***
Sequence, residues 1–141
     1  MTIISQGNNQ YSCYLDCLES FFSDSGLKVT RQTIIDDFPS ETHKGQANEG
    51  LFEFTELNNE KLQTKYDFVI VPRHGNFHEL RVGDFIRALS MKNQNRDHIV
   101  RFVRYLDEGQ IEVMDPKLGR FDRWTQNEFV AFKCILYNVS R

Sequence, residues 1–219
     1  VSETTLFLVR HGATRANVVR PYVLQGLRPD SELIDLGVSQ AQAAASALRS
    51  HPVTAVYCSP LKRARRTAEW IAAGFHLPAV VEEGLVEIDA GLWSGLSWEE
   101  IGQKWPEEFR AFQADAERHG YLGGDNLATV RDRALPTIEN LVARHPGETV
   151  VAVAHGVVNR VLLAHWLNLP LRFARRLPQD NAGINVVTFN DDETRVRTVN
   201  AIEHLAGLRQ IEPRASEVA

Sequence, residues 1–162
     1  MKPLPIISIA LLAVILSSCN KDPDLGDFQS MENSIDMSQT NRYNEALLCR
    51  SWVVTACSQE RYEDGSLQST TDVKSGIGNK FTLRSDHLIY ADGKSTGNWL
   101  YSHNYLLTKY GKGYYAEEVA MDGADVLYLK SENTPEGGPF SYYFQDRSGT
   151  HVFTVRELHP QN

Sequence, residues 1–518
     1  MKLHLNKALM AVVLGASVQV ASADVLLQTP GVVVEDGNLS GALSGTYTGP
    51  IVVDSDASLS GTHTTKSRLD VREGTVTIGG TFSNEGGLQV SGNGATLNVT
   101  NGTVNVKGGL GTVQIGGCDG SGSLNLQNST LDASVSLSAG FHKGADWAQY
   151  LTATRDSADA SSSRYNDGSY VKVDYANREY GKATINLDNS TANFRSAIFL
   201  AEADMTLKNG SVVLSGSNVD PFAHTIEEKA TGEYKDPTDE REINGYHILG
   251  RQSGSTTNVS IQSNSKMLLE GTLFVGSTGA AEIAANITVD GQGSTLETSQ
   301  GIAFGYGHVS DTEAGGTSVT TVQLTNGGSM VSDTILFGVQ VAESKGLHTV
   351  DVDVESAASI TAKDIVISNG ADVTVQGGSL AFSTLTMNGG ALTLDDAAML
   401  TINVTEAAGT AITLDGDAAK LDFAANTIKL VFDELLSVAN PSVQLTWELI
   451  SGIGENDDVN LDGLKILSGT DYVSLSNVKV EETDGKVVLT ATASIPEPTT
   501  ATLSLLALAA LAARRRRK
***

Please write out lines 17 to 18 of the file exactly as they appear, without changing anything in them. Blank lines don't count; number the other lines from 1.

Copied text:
     1  MKLHLNKALM AVVLGASVQV ASADVLLQTP GVVVEDGNLS GALSGTYTGP
    51  IVVDSDASLS GTHTTKSRLD VREGTVTIGG TFSNEGGLQV SGNGATLNVT